What sparked my story of the Housatonic River? An email from an 86 year old woman who summered on one of the few islands of the Housatonic River asking me for more information about her beloved island. She shared a few precious memories of her time here, it was wonderful. I hope to get her some pictures soon and hear more of her stories. I do love history, sometimes we forget that our own local history can be just as exciting as the history of far away places.

The Housatonic River, a Litchfield County treasure!

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Litchfield County fall foliage colors of 2012

A few photos of the fall foliage show taken around Southern Litchfield County. This is a great year for leaf peeping, take a drive and see for yourself what makes this such a special place. There is nothing quite as breathtaking as the show we see everyday when leaf peeing season is upon us.

Please enjoy! Photos taken in New Milford, Kent and Washington, CT by Andrea Swiedler.

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Open House Sunday, 10/7 from 1-3pm, 6 Countryside Way, Warren CT

Join us this Sunday, October 7th, from 1-3 pm at 6 Countryside Way in Warren, CT. It is a beautiful weekend to be out, the leaves are in full color so you won’t be disappointed with the drive.

This Litchfield County home is set in the quiet town of Warren, CT. A wonderful refuge from a hectic life, a sophisticated colonial with all the extras. The pictures tell the story.

We are offering 6 Countyside Way in Warren, CT for your consideration at $425,000.

What a weekend for a drive through Litchfield County, you won’t be disappointed! The leaves are in full color, there is a fantastic time to be had just around the corner from 6 Countryside Lane at the Warren Fall Festival. If you have been wanting to discover what fall is like in Litchfield County, take a trip to Warren, CT to find out why we love it here.

Directions: Your GPS won’t get you to the house. It is located on Rt. 341 in Warren, just across from Anita Way. See the signs, see you there!

If you are planning on attending the Warren Fall Festival and the open house, see the map below, we are very close by!


View 6 Countryside Lane and Warren Woods, Warren CT in a larger map

Open house Sunday 10/7 1-3pm, 48 Reservoir Rd, New Milford, CT

Join us for an open house at 48 Reservoir Rd in New Milford, CT this Sunday, October 7th, from 1-3 pm. A beautiful 3 bedroom colonial in a convenient location, minutes from downtown New Milford, in the quiet countryside.

Priced to sell at $305,000.

Directions: Take Second Hill Road at the corner of Elm and Rt. 67 to Reservoir Rd on the right. House is on the right, look for the Prudential Connecticut Realty open house signs!

 

Summer might be winding down, but there is still plenty to do in Litchfield County!

The beach at Lake Waramaug State ParkYou can see the tinge in the trees, the summer flowers are almost finished blooming, the fall flowers are beginning to show off their colors, the tomatoes on my plants are turning red. It is all proof that despite the hot, hot, hot temperatures we are experiencing, fall is on the way. But, there are still plenty of places to go to enjoy the rest of the summer!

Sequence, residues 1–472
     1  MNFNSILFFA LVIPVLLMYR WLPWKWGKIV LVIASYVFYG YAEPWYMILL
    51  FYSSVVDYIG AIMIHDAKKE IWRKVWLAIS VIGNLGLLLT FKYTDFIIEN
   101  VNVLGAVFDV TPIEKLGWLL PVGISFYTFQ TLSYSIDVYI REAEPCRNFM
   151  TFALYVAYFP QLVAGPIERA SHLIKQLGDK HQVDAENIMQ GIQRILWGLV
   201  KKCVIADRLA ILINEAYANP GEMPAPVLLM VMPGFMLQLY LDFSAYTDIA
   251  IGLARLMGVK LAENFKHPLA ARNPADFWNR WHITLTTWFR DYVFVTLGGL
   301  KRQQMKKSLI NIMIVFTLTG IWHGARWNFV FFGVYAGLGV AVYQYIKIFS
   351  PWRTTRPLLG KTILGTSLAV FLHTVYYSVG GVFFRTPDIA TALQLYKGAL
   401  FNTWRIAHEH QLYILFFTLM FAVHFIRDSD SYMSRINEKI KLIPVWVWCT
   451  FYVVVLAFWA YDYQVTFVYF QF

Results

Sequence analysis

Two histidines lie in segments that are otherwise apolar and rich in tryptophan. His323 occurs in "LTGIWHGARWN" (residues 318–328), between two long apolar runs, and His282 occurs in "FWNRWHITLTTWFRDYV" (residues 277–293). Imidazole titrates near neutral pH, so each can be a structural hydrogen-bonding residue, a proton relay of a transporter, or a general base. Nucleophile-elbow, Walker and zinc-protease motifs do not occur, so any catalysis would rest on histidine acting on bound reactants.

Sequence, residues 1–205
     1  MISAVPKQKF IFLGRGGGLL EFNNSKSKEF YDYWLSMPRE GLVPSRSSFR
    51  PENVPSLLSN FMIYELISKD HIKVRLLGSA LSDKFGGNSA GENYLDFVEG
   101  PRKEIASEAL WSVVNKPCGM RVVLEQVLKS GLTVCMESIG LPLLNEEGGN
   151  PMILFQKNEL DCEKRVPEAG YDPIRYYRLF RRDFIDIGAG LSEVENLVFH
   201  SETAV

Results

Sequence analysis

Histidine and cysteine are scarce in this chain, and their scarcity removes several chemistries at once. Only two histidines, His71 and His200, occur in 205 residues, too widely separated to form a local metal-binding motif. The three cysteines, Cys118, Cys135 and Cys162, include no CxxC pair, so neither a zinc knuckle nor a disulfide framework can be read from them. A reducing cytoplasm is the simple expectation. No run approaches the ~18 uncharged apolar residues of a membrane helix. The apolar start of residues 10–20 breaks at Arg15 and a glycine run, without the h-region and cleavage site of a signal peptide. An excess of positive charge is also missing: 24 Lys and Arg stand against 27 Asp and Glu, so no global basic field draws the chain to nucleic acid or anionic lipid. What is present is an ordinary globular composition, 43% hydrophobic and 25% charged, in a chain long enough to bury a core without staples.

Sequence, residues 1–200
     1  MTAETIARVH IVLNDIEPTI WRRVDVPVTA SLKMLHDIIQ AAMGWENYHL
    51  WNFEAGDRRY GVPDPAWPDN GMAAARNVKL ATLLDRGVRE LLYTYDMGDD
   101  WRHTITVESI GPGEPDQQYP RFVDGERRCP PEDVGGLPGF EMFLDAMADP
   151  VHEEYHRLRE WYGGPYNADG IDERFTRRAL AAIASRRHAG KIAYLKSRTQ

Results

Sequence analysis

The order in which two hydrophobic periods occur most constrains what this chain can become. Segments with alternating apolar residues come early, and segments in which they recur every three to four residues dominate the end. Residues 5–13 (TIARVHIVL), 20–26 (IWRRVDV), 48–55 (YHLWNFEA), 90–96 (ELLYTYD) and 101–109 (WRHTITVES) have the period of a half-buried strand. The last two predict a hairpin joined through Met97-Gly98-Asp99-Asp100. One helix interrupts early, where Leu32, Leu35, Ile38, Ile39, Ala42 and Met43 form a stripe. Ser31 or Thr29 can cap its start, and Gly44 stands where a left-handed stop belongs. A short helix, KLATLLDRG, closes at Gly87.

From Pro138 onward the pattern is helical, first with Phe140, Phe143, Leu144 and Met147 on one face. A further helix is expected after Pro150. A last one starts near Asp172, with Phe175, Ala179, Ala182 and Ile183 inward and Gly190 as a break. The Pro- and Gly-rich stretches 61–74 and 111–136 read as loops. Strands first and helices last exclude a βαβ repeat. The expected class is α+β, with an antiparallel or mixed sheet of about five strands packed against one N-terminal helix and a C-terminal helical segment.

Lake Waramaug State Park

You don’t have to live on the lake, or be a resident of Washington or Warren to enjoy Lake Waramaug!

Lake Waramaug is truly one of my favorite spots here. From the drive to Lake Waramaug through the Village of New Preston, to the drive around the lake to get to the state park, I just love it. Lake Waramaug is beautiful, it is like stepping back in time. There are campgrounds and the park provides a beautiful beach on Lake Waramaug.

Parking fees apply at the Lake Waramaug State Park on the weekends and holidays. $9.00 for CT residents and $15 for out of state people. During the week, parking is FREE! Camping fees are $17 a night for CT residents and $27 a night for non residents.

Tip, if you like to bike, bring your bicycles. A trip around the lake on a bike is a very popular thing to do, you won’t regret it. The road curves around the lake and is a bit on the narrow side, so do be careful.

I am thinking I need to make a trip up there myself with the grandkids, maybe tomorrow afternoon!

Macedonia Brook State Park

Located in Kent, CT, this is a fantastic place for hiking and camping. There are no parking fees, so a trip up to have a picnic, to take a hike, or just to sit and enjoy the cooler temps and the peace and quiet is free. I love Macedonia Brook State Park, when my girls were young I used to pack them up with a picnic lunch and drive up there. There are some fantastic views over the Catskills and Taconics.

Camping fees apply, check out the rates here for Macedonia Brook State Park, or any Connecticut Park.

Harrybrooke Park in New Milford, CT.

Harrybrooke Park is another one of my favorite places to go, and has been for years. Many of my summer memories with my daughters involve Harrybrooke Park. Free to the residents of New Milford, it is a great place to escape for a bit, a popular place to walk, ride bikes, roller blade, fish or just relax. Over the years the funds available have diminished, and the Friends of Harrybrooke Park are working tirelessly to restore the park to its grandeur. Despite the lack of funds, the park is still beautiful, and offers a cooler respite from the summer heat in a quite setting. If you need a place for a larger picnic or event, contact the park to reserve a pavilion or spot in the park.

Get out there and enjoy what is left of the summer in Litchfield County! There is plenty to do, places to go, things to learn about and see. I have trips planned to The Silo in New Milford, Lake Waramaug State Park, to March Farm in Bethlehem with the grandchildren, the last free concert on the Green in New Milford. And truth be told, all that cost me was the gas and $9.00 for the day at Lake Waramaug State Park.